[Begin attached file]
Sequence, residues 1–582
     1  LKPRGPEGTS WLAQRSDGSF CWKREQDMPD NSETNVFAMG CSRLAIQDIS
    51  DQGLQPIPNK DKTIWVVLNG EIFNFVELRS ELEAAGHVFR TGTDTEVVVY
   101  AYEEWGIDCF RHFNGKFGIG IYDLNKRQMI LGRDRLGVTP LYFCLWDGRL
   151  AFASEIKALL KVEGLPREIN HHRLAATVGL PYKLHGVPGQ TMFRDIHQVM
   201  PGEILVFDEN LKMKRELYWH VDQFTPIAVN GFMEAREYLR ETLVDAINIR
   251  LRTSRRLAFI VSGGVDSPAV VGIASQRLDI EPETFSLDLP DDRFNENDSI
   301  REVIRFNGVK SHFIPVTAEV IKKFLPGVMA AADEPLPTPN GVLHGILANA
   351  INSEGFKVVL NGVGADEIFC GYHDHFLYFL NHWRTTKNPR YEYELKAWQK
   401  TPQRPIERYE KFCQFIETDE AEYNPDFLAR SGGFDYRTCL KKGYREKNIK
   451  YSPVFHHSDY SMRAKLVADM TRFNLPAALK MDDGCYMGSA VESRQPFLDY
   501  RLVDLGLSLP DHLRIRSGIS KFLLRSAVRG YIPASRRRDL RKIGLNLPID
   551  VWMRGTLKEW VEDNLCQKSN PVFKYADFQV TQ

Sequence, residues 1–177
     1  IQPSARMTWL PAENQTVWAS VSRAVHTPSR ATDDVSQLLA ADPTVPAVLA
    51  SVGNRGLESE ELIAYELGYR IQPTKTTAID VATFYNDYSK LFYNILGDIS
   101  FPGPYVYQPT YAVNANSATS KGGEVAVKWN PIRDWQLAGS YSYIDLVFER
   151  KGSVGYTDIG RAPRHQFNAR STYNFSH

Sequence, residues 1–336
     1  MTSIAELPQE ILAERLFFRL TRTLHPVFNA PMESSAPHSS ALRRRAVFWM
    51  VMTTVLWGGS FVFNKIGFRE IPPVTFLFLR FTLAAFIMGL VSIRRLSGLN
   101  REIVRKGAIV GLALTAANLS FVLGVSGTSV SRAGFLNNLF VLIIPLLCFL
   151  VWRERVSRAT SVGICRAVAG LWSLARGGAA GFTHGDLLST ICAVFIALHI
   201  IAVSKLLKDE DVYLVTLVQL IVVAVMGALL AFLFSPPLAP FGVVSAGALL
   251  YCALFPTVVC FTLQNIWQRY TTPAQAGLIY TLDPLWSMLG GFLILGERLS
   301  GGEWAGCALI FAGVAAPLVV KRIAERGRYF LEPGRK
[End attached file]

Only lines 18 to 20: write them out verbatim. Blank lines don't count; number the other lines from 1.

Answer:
   151  KGSVGYTDIG RAPRHQFNAR STYNFSH

Sequence, residues 1–336
     1  MTSIAELPQE ILAERLFFRL TRTLHPVFNA PMESSAPHSS ALRRRAVFWM